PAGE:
There is no such thing as a perfect map: the world is constantly changing, the shape of countries alters with coastal erosion or accretion.  When I was a child, a lot of countries appeared on the map in red, the extent of the British empire.  That’s not the case now – there is no empire.  And the science of mapmaking is improving all the time.  So there is a constant work in improving the maps.


Maps are not just about the geographical world.  Maps can also be used to show politics or economics or religion in relation to the physical world.  They arise out of how we see the world.


When Jesus lived on earth, he changed the way we see the world.  And the incident in today’s Gospel reading changes the way the disciples understand Jesus and set a new direction for his journey on earth.


The disciples had come to know Jesus as a preacher, a teacher, a healer, a miracle-worker.  They had seen the way he engaged with people, changing their lives.  They had seen the way in which he challenged the religious and political authorities by the things he said and just by being himself.  Then Jesus asked his disciples about who they thought he was, and explained to them that he would have to suffer and to die, and that’s not what they wanted to hear.


Today’s Gospel comes in six days later.  Jesus takes Peter, James and John – the core team – up a mountain.  And when they get there, something truly amazing happens.  Jesus is transfigured: he shines with light inside and out and is changed.  Two figures appear with him, and the disciples recognise them as Moses the lawgiver and Elijah the first and foremost prophet.  They three of them have a conversation, which the disciples are not part of.  Then a cloud overshadows them and the event is over.  They know something amazing has happened, but they do not know what and it will take time before they understand it fully – if they ever do.  And somehow it changes everything.  It changes the way they understand Jesus.  Peter had declared that Jesus was the Messiah – this experience confirms that and shows how awesome that is.  Suddenly Jesus is bigger and greater than they ever imagined.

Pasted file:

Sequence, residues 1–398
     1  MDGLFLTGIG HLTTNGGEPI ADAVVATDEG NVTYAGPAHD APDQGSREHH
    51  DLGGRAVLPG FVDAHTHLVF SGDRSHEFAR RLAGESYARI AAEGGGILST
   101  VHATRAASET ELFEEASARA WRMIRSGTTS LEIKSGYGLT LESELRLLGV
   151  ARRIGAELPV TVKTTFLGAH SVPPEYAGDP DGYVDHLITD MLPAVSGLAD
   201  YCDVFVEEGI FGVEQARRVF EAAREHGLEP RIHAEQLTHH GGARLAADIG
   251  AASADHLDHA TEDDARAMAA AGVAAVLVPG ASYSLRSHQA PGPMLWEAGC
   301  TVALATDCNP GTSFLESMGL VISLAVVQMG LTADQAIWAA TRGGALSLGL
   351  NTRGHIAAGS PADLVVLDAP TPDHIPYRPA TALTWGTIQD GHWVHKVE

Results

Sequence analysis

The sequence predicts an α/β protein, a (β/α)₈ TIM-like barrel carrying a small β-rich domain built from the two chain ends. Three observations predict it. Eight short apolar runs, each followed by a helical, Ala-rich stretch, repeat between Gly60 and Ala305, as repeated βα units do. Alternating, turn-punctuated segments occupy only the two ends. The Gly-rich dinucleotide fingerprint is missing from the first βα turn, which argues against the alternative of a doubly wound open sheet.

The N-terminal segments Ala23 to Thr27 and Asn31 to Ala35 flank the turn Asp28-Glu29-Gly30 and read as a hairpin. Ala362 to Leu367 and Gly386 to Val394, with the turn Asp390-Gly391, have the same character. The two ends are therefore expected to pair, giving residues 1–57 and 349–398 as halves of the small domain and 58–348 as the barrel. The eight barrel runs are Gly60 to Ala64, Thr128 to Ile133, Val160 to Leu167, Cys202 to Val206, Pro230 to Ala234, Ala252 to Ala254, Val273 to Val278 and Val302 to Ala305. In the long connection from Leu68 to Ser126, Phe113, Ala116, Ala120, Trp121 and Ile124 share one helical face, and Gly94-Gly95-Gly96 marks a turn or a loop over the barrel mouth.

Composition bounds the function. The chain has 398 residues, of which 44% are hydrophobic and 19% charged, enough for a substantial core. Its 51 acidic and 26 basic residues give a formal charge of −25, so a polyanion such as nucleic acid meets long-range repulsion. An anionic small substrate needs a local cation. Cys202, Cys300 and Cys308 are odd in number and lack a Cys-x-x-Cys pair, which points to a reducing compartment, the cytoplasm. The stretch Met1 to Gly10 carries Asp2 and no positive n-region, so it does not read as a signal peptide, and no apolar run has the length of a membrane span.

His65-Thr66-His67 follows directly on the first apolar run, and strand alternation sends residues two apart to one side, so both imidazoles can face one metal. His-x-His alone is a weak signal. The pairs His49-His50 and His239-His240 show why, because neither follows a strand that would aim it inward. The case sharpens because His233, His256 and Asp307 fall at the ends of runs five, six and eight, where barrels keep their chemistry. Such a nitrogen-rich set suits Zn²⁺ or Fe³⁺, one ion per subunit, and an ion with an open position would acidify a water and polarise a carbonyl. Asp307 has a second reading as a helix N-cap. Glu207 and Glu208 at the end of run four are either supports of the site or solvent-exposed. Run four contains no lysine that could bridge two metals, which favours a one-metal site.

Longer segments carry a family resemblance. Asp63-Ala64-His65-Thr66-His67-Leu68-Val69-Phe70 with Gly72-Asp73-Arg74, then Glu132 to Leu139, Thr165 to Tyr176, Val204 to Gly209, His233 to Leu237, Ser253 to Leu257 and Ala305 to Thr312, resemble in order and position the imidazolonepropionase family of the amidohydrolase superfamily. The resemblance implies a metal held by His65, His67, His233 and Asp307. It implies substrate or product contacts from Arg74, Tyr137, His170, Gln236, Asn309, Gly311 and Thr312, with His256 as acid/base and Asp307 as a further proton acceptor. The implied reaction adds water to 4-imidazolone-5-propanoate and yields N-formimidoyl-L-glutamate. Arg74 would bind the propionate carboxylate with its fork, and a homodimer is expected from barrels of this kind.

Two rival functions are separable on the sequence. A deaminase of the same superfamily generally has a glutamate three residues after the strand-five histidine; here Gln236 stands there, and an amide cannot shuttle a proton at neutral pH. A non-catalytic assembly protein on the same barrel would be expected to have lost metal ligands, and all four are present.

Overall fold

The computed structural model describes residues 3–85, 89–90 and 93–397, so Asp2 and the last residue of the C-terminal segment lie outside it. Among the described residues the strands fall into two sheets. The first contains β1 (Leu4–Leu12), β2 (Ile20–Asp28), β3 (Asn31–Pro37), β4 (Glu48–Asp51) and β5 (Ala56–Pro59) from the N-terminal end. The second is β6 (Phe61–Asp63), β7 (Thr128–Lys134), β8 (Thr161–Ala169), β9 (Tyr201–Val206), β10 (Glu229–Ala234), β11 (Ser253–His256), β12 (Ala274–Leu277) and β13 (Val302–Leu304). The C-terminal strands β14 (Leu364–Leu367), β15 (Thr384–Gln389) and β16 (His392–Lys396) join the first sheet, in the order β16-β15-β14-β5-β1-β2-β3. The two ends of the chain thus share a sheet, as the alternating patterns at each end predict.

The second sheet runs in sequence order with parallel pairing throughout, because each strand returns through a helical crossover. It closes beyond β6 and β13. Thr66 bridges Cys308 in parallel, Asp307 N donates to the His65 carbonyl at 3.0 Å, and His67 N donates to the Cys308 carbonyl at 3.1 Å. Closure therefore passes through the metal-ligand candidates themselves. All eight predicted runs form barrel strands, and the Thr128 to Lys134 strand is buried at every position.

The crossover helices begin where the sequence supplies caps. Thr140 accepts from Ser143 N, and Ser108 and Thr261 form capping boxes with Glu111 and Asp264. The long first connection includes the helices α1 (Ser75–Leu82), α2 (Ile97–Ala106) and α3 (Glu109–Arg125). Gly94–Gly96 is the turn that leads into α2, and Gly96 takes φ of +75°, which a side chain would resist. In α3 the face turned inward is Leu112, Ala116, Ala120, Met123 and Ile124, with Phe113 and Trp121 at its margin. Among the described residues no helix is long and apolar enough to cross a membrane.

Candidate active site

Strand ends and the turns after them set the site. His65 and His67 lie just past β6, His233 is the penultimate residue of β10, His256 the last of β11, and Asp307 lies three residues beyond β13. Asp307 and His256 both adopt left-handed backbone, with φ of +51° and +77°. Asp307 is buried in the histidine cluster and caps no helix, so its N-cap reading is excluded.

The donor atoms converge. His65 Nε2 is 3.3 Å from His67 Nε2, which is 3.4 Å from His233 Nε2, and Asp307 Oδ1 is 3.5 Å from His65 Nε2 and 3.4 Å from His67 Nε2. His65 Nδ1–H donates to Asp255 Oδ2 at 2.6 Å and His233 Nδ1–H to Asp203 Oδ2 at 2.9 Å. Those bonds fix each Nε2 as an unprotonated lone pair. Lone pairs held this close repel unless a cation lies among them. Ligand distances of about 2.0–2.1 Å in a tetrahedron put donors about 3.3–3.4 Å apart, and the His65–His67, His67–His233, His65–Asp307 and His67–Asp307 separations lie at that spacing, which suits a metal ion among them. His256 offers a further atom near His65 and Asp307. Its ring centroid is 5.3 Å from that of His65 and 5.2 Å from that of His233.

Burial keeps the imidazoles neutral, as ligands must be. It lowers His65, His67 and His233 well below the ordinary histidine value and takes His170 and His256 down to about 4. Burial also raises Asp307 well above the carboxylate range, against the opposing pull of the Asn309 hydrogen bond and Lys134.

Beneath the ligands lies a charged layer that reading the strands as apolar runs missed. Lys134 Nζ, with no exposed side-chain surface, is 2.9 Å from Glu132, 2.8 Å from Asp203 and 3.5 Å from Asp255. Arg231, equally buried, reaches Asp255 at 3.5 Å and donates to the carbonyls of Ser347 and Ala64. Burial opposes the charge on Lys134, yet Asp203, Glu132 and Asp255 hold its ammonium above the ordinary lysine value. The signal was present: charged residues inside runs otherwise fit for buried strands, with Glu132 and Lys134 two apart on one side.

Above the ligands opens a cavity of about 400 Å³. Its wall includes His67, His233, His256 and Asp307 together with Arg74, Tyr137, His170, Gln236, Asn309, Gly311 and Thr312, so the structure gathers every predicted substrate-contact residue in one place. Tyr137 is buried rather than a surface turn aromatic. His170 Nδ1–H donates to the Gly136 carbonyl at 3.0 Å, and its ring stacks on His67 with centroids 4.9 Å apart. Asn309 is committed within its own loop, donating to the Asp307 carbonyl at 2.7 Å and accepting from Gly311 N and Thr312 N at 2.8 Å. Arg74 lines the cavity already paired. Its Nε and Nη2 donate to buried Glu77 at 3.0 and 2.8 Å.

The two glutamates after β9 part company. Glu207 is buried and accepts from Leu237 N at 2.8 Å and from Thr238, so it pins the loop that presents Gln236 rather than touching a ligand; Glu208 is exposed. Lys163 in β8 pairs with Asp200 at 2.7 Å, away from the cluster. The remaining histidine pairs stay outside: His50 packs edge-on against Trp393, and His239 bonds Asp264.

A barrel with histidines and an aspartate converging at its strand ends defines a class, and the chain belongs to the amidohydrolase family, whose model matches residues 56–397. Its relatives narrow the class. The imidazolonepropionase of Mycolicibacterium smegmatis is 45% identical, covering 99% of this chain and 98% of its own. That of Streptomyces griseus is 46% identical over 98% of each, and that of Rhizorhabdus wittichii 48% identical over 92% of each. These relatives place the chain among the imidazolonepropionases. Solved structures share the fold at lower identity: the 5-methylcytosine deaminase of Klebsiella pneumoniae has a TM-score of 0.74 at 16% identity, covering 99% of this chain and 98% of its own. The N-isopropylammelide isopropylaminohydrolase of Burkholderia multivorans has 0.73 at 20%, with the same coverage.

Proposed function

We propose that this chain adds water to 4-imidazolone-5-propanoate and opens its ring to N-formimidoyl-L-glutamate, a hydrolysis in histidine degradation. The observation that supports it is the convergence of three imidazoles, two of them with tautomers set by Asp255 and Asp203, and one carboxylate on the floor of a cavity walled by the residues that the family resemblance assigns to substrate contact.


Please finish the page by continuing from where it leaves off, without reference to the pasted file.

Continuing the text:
From now on in the Gospel, Jesus is heading towards the cross.  The direction is clear.  He has started telling his disciples that he is going to Jerusalem to die, but that’s not part of their picture, the map they have planned in their own heads for what being a follower of Jesus is all about.  Jesus is constantly having to alter their expectations and their understanding.


On Wednesday, Lent begins, and this marks for us the beginning of Jesus’ journey to the cross.  Over these next few weeks, we will walk with Jesus along the way.  And we remember our own mortality.  At noon on Ash Wednesday, we will have a service to mark each one with an ash cross, remembering that we are dust, and we will all return to dust.  Do come to that service if you can.  And every Tuesday, we will meet as a group to learn and grow together.


Lent is a time when we should be prepared to have our own interior maps corrected and realigned.  We are all encourage to make a special effort to come closer to Jesus, to understand a little more, know a little better just how much we are loved by God, and find ways of loving God and our fellow humans a little more.